Children in Kilimanjaro Help Find Better Ways to Measure Poverty

Above: Children’s peer group in Hai.

Better Definition of Poverty

The world needs a better definition of poverty. So children in Tanzania are helping find one.

School students living in difficult circumstances in the Kilimanjaro region recently took part in an international research project. This project looked at the question of how to define and measure poverty. The research is conducted by a group of ATD Fourth World members as part of the Measuring Poverty Project.* Working in partnership with the Moshi Municipality and the Hai Rural District, this Tanzania research team talked with children in Mwereni Primary School and Karama Primary School. In each of the schools, eight students–four boys and four girls ages 9 to 14–met in peer group discussions held over three days.

Children at the Mwereni Primary School.

Talked Openly

The children talked openly about what extreme poverty means to them, like describing its impact on their families, neighbours, and classmates. Poverty affected the young students personally in a number of ways. For example some children have to travel long distances to school. Others don’t have enough money to attend school, or to stay in school once they have started. Some families don’t have enough food at home. Children talked about having to wear torn clothes or not having a good pair of shoes.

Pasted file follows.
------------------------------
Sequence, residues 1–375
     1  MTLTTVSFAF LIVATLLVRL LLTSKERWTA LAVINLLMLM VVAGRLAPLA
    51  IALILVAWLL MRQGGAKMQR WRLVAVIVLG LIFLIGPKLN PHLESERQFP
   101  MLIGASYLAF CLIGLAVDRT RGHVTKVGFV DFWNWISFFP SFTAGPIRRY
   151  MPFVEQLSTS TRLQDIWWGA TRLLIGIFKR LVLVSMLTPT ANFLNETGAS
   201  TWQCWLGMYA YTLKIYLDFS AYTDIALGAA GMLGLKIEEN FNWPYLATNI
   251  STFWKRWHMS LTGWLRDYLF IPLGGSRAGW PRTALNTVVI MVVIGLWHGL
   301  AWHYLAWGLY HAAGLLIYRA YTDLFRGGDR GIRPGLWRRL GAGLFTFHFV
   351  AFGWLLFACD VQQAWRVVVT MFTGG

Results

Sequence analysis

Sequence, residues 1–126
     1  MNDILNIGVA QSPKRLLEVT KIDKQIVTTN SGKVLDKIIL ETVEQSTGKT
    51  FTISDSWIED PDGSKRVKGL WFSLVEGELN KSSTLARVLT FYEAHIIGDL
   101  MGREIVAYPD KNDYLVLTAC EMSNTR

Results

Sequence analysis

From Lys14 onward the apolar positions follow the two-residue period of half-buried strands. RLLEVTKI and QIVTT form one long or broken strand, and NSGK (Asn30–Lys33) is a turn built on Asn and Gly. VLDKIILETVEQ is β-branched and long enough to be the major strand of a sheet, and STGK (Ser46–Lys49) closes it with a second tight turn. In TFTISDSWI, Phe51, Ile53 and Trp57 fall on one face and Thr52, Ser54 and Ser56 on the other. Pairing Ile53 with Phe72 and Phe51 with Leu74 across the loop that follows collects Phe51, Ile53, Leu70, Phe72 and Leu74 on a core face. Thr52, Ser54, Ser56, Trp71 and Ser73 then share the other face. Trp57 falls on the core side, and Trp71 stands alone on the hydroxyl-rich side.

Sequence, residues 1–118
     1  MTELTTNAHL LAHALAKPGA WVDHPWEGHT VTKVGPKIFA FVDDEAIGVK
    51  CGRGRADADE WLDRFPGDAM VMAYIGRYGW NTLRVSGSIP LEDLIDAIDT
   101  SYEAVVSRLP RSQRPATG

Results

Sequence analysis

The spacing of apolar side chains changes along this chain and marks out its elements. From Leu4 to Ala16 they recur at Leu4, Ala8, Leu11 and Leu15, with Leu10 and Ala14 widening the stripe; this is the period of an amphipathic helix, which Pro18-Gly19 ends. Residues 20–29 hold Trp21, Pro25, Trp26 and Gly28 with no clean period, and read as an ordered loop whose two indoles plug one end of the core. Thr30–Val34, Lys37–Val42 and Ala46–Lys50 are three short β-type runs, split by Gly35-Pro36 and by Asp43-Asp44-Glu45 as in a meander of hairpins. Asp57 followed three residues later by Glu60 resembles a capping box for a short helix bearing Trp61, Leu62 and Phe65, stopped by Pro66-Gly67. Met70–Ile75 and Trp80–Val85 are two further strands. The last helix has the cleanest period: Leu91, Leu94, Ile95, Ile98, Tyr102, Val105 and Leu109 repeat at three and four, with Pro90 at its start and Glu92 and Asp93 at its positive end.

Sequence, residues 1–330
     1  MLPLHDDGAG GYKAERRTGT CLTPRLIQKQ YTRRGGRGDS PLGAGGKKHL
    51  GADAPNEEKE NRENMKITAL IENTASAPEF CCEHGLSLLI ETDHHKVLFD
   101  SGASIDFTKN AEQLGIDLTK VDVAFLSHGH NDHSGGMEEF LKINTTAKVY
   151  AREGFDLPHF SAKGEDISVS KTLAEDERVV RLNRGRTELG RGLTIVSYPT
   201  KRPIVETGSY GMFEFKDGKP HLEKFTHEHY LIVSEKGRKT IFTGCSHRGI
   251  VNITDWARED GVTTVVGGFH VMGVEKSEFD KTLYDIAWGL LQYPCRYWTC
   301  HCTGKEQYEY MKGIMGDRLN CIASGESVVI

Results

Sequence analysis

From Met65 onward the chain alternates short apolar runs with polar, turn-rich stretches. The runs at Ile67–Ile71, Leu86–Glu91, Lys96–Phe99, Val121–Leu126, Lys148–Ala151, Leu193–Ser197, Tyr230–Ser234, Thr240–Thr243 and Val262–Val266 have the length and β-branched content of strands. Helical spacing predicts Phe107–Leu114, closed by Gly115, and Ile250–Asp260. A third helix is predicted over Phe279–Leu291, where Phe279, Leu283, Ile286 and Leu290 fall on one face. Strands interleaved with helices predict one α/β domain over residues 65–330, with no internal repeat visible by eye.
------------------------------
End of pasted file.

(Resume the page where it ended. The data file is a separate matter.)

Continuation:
The children stressed the critical importance of their family situations. Sometimes a child has to live with relatives in a home where life is a daily struggle. A child may need to do housework or to earn money outside the home, sometimes in hard jobs in the fields. This can mean that the child doesn’t have the time or energy to study, or even go to school at all. In such circumstances, some children end up on the streets, homeless and vulnerable.

Children at Karama Primary School.

Living in Extreme Poverty Denies Rights

Such situations of extreme poverty directly affect children’s rights defined in the United Nations Convention on the Rights of the Child. For example living in extreme poverty denies these children their right to a full childhood. It also makes it far more likely that they will experience poverty and exclusion as adults.

This article is adapted from the August 2018 newsletter from ATD Tanzania.

*ATD is currently undertaking a multi-year participatory research project in collaboration with Oxford University. This research connects people who have a direct experience of poverty with other experts. A key aim of this research is to complement “top down” definitions of poverty with experiential ones. So as to demonstrate that it is possible to develop research methodologies that enable the fulfillment of human rights obligations to engage people in poverty in global policy making.

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